There was an old joke circulating the baseball community around 2010, that you could tell winter was over when pitchers and Molinas reported to spring training. Molina: The Story of the Father Who Raised an Unlikely Baseball Dynasty (Simon & Schuster), by Bengie Molina with Joan Ryan, relates the story of how three brothers, Yadier, José, and Benjamin, rose from poverty in a small Puerto Rican town to become Major League catchers who played in eight different World Series. It’s a family story of how the father, Pai Molina, who many claim was a better ballplayer than any of his boys, guided them through various pitfalls into the ranks of sporting royalty. The word heartwarming springs to mind.
Will Durst is an award-winning, nationally acclaimed comic. Go to willdurst.com for info about his new one-man show BoomeRaging: From LSD to OMG.
One of America’s best writers, Jon Krakauer, came out with one of the year’s most distressing books, Missoula: Rape and the Justice System in a College Town (Doubleday). It recounts a series of “date rape” sexual assaults involving members of the University of Montana football team, and the official response—sometimes noble, often deplorable. Krakauer documents the shocking frequency of these crimes, and the callousness of those who commit them. (One frat boy boasts of plying “our techniques” to incapacitate unsuspecting young women with alcohol, then having sex with them, all without a sliver of awareness that this is rape.) And he offers a withering assessment of a justice system that at times seems more sympathetic to perpetrators than victims. But mostly, he tells the story of these women, wounded but courageous, and ultimately triumphant over the adversity they have been forced to endure.
Scott Carney, a writer I’ve had the good fortune to edit, has an insightful book about the pursuit of spirituality, A Death on Diamond Mountain: A True Story of Obsession, Madness, and the Path to Enlightenment (Gotham Books). Like Carney’s first book, The Red Market, about organ trafficking, his new work is essentially an investigation. The subject of his inquiry: How, in 2012, a Buddhist acolyte named Ian Thorson ended up dead at age thirty-eight from dysentery and dehydration in a remote part of Arizona. Carney uses the case to examine both the appeal and the danger of the quest for transcendence. In a world where much evil, and some good, is driven by religious belief, we need all the enlightenment we can get.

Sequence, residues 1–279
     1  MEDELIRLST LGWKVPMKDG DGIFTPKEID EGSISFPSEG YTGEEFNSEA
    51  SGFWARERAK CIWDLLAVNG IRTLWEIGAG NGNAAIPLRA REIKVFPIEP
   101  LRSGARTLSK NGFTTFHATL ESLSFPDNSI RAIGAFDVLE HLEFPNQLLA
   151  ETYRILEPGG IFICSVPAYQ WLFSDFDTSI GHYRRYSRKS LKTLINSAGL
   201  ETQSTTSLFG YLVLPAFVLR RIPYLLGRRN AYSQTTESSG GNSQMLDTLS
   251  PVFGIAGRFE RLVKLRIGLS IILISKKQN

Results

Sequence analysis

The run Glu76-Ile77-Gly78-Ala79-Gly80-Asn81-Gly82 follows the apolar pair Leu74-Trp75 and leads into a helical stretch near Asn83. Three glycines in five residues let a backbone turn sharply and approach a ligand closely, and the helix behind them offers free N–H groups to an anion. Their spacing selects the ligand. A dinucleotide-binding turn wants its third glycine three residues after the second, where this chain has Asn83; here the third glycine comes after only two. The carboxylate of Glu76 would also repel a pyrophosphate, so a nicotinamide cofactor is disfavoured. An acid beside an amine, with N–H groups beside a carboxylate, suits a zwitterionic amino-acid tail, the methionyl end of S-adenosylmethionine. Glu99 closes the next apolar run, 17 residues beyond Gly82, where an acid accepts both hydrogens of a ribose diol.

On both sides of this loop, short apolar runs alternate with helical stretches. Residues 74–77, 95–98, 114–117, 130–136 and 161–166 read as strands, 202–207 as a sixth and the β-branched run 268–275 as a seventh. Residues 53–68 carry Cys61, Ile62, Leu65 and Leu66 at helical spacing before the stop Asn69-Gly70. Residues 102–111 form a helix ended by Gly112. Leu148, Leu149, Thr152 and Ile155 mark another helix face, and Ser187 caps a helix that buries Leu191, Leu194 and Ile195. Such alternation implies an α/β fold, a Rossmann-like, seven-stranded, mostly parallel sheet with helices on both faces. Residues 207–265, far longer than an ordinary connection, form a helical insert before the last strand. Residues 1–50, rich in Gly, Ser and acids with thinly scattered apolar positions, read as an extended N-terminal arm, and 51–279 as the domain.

Patti Smith begins her new book, M Train (Knopf), with a nod to “writing about nothing.” It’s actually about everything. Smith tells stories about her life and pursuits, apart from her rock-goddess status. There are quiet moments in coffeeshops and remembered feelings, often those prompted by other books. This is not as focused a work as Just Kids, for which Smith won a National Book Award, but it is heartfelt and seductive. “I have always hated loose ends,” she writes at one point, describing how even insignificant unresolved issues in movies and literature leave her unsettled, “going back and forth and looking for clues” to resolve her curiosity. M Train leaves Smith’s life story with fewer loose ends.
My reading list this year was heavy on books about nature, and the role of humankind in relation to the planet. I’m especially fond of ruminations on my own state and region, which this year saw a lovely addition: Whispers and Shadows: A Naturalist’s Memoir (Wisconsin Historical Society Press), by Wisconsin writer Jerry Apps. It recalls a lifetime of noticing, and being rejuvenated by, the world we are so busily degrading. At one point, Apps writes, “My father taught me that land is something that can be loved, must be respected and revered and ultimately is in short supply,” adding, “He never used any of those words . . . ” Of course not.
Bill Lueders is associate editor of The Progressive and the author of Cry Rape: The True Story of One Woman’s Harrowing Quest for Justice (University of Wisconsin Press).
When the real history of the post-World War II era in the United States is written, it will be recorded that Ralph Nader contributed substantially more to the health and welfare of the United States than a number of Presidents. Today, Nader is more than an “elder statesman”; he is our steadiest advocate for a set of values and ideals that are deeply rooted in the American experiment. Yet Nader does not speak with the lofty rhetoric of one who has disengaged from the struggle. He is idealistic, yet he is also specific—wading into the fights of the moment and offering proposals that ought to be considered. Unfortunately, much of the media and most of the political class neglect Nader, as he reveals in a remarkable 2015 book, Return to Sender: Unanswered Letters to the President, 2001-2015 (Seven Stories).
The dozens of letters contained in this book run through the issues and challenges faced by the United States during the presidencies of George W. Bush and Barack Obama, and it is chilling to read them individually. On issues of war and peace, inequality, corporate abuses, and human needs, they are not just thoughtful and often visionary—they form the outlines of an alternative history where we might have gotten things right.
Read as a whole, however, Return to Sender is something more. It is a powerful and necessary indictment of what Nader refers to as “the disturbing trend of nonresponsive and discourtesy to citizens extends to many cabinet secretaries and agency heads.” Nader is right when he argues that this “indifference” represents “the degradation of an elementary relationship between the citizens and their elected officials and those agency heads appointed by those elected officials.”